Increasing smartphone prices and removing accessories is the new innovation

Written by Shaheryar Ehsan ·  2 min read >

When Steve Jobs launched the first iPhone back in 2007, it was a revolutionary product which changed the entire ecosystem. 74 days after the release, Apple had sold the 1 millionth iPhone and this is the first generation we are talking about which tends to come with its fair share of bugs.

Fast-forwarding to 2020, it seems like smartphone manufacturers no longer know how to innovate the smartphone any further. Each product seems like a mere copycat of something else already available in the market whereas experts now say that you don’t even need to buy a flagship phone as mid-rangers have improved drastically over the years. Even MKBHD was really impressed by a $200 phone made by Infinix and recently Xiaomi crossed Apple to become 2nd biggest smartphone vendor in the world. Over the years Xiaomi also has increased its smartphone prices significantly but their mid-rangers are too strong and offer a lot for the price they retail at.

5 years ago, flagship phones used to retail around $500 to $700 mark whereas if you were getting a phone above $1000 at that time, it will either be a gold-plated one or a fan edition phone custom designed by a third party company. Now you get the iPhone 12 Pro Max retailing at $1099 and it doesn’t have a charger within the box.

The expected price of the same phone in Pakistan is around Rs. 260,000+ and that is insane and mindboggling at the same time. When Apple introduced the first iPhone, the then Microsoft CEO Steve Ballmer called out Apple for insanely pricing it at $599. And now we are suddenly accepting new phones whose price tags just keep going up and up every year with lesser and lesser perks.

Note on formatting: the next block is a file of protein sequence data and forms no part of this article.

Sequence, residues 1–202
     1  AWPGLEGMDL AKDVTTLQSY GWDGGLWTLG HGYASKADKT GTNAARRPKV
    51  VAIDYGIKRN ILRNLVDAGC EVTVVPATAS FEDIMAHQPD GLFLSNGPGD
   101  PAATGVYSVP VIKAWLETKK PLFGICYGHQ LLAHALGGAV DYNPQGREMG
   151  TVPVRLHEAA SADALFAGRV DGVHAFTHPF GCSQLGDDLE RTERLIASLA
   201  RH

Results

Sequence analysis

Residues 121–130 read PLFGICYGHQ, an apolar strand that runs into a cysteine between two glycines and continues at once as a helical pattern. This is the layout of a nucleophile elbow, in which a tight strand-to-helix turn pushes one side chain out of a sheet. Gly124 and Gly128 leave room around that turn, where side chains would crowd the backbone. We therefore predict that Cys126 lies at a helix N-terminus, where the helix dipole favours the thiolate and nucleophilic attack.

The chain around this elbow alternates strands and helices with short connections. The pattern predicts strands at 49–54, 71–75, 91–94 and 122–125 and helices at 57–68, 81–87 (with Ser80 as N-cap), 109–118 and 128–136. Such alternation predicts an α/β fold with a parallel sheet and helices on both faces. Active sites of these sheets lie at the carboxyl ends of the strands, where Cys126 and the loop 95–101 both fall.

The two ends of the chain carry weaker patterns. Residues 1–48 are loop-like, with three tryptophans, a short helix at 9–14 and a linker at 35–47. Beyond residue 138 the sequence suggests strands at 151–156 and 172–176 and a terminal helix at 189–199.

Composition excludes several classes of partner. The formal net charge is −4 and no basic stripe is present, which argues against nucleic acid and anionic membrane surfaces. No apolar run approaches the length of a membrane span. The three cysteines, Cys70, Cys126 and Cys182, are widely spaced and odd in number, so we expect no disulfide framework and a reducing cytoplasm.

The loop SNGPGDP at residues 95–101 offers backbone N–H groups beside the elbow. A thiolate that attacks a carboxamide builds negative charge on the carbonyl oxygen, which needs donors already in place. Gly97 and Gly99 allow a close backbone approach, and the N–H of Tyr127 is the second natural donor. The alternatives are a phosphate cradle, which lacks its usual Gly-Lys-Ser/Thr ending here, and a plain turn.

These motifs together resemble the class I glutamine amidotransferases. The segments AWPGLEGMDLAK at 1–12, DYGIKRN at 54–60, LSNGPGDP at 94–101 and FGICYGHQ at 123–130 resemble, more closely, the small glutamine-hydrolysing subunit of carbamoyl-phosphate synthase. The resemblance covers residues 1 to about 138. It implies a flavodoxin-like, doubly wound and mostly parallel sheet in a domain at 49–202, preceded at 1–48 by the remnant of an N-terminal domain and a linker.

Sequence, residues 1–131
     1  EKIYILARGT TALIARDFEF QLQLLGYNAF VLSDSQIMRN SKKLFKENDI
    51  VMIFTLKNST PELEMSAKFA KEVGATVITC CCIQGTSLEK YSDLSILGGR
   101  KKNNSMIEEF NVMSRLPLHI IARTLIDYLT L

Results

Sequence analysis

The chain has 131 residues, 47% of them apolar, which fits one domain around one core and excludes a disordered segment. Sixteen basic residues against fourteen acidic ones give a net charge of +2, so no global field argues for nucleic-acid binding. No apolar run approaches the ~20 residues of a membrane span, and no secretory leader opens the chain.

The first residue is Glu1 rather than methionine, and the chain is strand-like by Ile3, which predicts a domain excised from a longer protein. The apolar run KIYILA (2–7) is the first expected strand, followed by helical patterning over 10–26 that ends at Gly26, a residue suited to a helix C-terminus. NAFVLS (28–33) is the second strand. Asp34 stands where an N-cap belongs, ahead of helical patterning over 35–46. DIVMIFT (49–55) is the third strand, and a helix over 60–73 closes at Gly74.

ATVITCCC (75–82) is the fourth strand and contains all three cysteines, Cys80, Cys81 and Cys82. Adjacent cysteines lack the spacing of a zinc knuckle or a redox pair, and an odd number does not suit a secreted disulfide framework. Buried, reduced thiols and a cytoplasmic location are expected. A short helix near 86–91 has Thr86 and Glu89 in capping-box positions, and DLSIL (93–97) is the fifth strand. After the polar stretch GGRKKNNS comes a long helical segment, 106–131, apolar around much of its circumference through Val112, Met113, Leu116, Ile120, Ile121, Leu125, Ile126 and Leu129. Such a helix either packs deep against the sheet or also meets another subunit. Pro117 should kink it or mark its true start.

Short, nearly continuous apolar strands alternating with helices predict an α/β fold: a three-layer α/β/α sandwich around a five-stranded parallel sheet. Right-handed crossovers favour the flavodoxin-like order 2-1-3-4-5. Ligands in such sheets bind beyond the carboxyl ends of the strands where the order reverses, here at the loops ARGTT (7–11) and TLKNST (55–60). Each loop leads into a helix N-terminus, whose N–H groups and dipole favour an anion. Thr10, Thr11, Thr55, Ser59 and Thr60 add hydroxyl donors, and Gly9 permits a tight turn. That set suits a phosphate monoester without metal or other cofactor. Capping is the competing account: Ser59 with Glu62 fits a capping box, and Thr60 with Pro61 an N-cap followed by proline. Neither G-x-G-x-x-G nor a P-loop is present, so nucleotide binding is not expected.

In phone maker’s defence, the reason that smartphone prices are going up is related to the hardware and software of phones you purchase. Samsung and Xiaomi both put a lot of work in perfecting their own UIs whereas the screens are getting bigger and the hardware is improving over time, it seems like a fair proposition to increase smartphone prices.

I don’t think so.

If you take a look at the market competition, OnePlus is still able to chunk out phones with remarkable specifications and a good price. The prime example of that is OnePlus 8T which retails for around $749. And yes it does come with the charger in the box. Removing accessories just because you aim to reduce “carbon” footprint doesn’t make sense.

Smartphones are a long-term investment and they happen to be the daily drivers of everyone who purchases them. When I go to the market to buy a new phone, I also look at the accompanying accessories that I am getting with it since both the phone and the accessories are made by the same company. So not only you are more satisfied by the product you are getting but also don’t have to spend extra or roam around in the market just to get something as simple as a charger.

Mind you, if you don’t get the right charger, there is going to be another episode of Samsung Galaxy Note 7 and you really need to avoid that!

While manufacturers were on the path of introducing fast charging accessories, we now come towards a trend where there won’t be chargers in the box. The same thing happened with earphones at one time and now we have technically accepted it but was it for the right cause? That question remains unanswered.

These smartphone prices are reasonably managed by developed countries due to flexible trade-in programs that are offered by the OEMs there but for countries like Pakistan where that facility is very rarely offered, it becomes a frustration for people who once used to buy flagship phones. In the end, the average consumer will go towards the “flagship killers” like OnePlus or midrangers like Xiaomi, Oppo and Infinix etc.

What is your take on the increasing prices of smartphones in the world? Do you think there has been any innovation in smartphones which is really groundbreaking? And do you think it is justified to remove chargers from the phone box? Let us know in the comments.

Written by Shaheryar Ehsan
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